We live in an interweb of generations and generations of a class system, prejudice, drugs, alcohol, lack of education, government cuts and the list goes on and on. Writing a letter is a simple start that anyone can do to contribute in numbers but doesn’t it just start from the beginning? From birth? Is it too late?


Sterling, also a loud, opinionated and angry youth worker is from a maturer generation. He used the metaphor of Lord Of The Flies. If you let children loose, they become savages in any society and in any era of time. Something has to change.

There is a huge problem and these last few days have totally changed the city, the country and probably the world. What can we do but throw our hands, sigh with a huge weight on our shoulders and not knowing where to start? We are altogether now, united but are we going to forget? Sweep it under the rug again with our broom?

First we should listen. This is what we all agreed.

Monik & Real

Thank you to Robyn Bresnahan and Mark at BBC World News and for Sterling, Real, Monik and Darrell for turning my blind into such an insight.

Further Reading: Penny Red

  • Anonymous

    Think we need to stop spending millions of pounds abroad,and start spending it here.Police,Hospitals, all emergency services, are in need of cash injection.Why cant we create more jobs with some of the cash we waste.

  • Anonymous

    You’re mad.

    “He was black and wearing a cap” Lol.

    Even with the caveat of ‘after yesterday’ a comment like that really stinks.

    I guess your supper clubs tend not to have too many black attendees.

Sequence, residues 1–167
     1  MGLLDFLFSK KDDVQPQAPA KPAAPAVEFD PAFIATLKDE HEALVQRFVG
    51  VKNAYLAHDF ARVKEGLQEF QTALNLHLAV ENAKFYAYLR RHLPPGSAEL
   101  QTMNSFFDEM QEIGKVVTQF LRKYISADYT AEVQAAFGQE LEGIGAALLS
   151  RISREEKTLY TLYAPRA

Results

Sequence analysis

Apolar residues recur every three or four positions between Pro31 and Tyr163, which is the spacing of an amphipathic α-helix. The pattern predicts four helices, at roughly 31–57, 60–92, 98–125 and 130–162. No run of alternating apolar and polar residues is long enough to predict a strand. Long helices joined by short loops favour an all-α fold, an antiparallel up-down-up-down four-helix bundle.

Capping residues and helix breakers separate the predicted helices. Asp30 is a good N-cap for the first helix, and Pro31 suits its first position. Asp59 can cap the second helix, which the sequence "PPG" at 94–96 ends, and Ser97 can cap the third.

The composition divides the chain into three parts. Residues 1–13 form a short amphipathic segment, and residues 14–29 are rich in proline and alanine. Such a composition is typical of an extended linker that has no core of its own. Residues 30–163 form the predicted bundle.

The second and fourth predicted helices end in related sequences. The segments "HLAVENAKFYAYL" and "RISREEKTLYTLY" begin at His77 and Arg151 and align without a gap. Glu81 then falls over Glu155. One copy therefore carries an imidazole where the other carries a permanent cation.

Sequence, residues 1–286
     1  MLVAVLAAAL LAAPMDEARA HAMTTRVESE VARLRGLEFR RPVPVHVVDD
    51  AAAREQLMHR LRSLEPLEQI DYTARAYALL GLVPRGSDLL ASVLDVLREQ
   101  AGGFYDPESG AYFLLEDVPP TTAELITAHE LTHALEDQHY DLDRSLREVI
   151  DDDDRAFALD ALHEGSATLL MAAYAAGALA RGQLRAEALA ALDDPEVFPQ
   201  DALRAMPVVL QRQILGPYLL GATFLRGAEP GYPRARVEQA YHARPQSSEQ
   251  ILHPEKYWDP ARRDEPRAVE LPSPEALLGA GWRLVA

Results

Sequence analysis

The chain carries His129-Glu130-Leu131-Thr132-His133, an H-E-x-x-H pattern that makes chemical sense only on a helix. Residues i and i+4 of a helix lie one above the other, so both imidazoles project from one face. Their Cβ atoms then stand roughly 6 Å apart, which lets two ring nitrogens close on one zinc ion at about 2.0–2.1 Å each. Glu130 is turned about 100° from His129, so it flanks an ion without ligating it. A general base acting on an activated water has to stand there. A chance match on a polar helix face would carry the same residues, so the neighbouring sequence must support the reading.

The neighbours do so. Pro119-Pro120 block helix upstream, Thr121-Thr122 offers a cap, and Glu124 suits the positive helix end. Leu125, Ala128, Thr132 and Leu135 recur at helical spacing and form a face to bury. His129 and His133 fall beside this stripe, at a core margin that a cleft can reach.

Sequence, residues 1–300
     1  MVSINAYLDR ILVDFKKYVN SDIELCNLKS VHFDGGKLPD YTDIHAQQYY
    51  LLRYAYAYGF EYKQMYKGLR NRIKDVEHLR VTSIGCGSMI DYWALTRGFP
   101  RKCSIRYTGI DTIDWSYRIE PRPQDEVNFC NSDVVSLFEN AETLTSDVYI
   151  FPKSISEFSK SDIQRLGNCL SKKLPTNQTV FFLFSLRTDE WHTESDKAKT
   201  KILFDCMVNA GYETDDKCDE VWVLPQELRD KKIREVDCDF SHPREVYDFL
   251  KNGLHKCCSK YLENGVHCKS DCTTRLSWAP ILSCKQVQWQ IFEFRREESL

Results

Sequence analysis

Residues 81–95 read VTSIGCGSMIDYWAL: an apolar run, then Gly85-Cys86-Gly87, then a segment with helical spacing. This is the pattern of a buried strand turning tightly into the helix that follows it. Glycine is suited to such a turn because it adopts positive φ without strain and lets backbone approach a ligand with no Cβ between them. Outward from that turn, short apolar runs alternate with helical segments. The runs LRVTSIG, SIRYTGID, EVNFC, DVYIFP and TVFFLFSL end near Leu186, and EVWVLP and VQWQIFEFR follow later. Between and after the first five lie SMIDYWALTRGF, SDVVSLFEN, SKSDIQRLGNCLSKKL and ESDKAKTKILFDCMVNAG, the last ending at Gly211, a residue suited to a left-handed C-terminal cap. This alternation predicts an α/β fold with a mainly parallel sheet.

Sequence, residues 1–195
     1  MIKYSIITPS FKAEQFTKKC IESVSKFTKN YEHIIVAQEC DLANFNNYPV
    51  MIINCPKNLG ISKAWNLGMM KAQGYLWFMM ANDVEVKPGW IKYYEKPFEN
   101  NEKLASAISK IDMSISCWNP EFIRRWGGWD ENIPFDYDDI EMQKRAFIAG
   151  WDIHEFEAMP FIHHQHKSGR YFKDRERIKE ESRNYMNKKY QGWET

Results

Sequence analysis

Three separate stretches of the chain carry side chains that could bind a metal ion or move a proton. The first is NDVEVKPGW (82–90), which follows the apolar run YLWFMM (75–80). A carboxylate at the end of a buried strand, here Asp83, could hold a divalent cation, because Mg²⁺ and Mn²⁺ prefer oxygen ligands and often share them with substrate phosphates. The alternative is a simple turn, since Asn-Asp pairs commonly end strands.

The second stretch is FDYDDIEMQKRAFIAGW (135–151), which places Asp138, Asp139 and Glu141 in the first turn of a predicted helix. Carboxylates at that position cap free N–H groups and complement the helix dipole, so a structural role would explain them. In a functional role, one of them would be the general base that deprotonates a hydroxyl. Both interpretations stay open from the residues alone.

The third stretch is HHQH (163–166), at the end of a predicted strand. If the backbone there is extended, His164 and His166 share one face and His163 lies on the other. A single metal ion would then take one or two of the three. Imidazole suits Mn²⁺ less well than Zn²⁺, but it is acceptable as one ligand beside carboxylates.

• @Anonymous
    You are totally right.

    I am yellow with a pair of chopsticks!

    Perhaps my post was written too hastyly but this was Darrell’s point – that people like me have presumptions of who he is and of many young people living in council estates – then brush them off. They are ignored and many “white” people especially of government are just saying how much of a disgrace they are and blaming them for being disgraceful when our society has created all of this.

    I have many races, nationalities and skin colour attend my supper clubs – from all different walks of life actually.

    I am sorry if you think my comment stinks, but I said it on purpose to my own detriment – because Darrell, the amazing man he is, made me see how my own ignorance is one of the factors that caused these riots.

    I am sorry you feel so negatively about it. This is not a political blog and I do not intend to discuss further – but this was my morning with the radio show and I am documenting what happened.

  • Anonymous

    RE: comment above: SharkeySure

    Think he didn´t get your creative license and referencing how people are seen. Plus this person took one comment and focused on it. The strange thing is, if your not in the same social position as someone it doesn´t mean you haven´t been there and it doesn´t take away your right to comment on it. This person did not make an intelligent judgment of the post and overlooked the fact that you hosted an event in your house!!!!! This wasn´t about judgment it was about trying to get passed judgment, sharkeysure didn´t get it


  • Carla

    You know I have nothing against you as a person and that I find you lovely and fun.
    However, I was frankly appalled by your comment on Darrell’s presence on your doorstep.

    You have now explained in which tone it was meant and it does shed a different light on it, but I do feel you should have explained that in your post; as it is now it leans on plain racist and my reaction as well as that of many others has been “Had he been white would you have made the same comment considering a large part of the rioters were, indeed, white?”
    Forgive me if I’m inclined to believe you would have not.